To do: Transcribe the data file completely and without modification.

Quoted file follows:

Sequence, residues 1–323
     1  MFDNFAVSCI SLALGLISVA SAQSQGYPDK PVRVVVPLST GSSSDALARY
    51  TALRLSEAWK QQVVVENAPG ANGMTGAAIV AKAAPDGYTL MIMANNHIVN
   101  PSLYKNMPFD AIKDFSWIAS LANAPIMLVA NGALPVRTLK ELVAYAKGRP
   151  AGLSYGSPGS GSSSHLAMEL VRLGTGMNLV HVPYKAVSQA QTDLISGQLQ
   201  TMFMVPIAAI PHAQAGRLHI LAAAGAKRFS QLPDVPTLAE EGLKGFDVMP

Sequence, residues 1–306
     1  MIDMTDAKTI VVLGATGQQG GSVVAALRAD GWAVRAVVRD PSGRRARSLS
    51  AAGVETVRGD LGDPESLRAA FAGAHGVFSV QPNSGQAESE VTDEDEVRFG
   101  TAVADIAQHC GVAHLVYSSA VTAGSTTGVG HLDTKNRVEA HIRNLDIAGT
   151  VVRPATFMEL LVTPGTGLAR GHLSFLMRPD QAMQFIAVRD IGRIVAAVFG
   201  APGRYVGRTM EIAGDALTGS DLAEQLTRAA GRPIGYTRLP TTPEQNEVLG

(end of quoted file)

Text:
Sequence, residues 1–323
     1  MFDNFAVSCI SLALGLISVA SAQSQGYPDK PVRVVVPLST GSSSDALARY
    51  TALRLSEAWK QQVVVENAPG ANGMTGAAIV AKAAPDGYTL MIMANNHIVN
   101  PSLYKNMPFD AIKDFSWIAS LANAPIMLVA NGALPVRTLK ELVAYAKGRP
   151  AGLSYGSPGS GSSSHLAMEL VRLGTGMNLV HVPYKAVSQA QTDLISGQLQ
   201  TMFMVPIAAI PHAQAGRLHI LAAAGAKRFS QLPDVPTLAE EGLKGFDVMP

Sequence, residues 1–306
     1  MIDMTDAKTI VVLGATGQQG GSVVAALRAD GWAVRAVVRD PSGRRARSLS
    51  AAGVETVRGD LGDPESLRAA FAGAHGVFSV QPNSGQAESE VTDEDEVRFG
   101  TAVADIAQHC GVAHLVYSSA VTAGSTTGVG HLDTKNRVEA HIRNLDIAGT
   151  VVRPATFMEL LVTPGTGLAR GHLSFLMRPD QAMQFIAVRD IGRIVAAVFG
   201  APGRYVGRTM EIAGDALTGS DLAEQLTRAA GRPIGYTRLP TTPEQNEVLG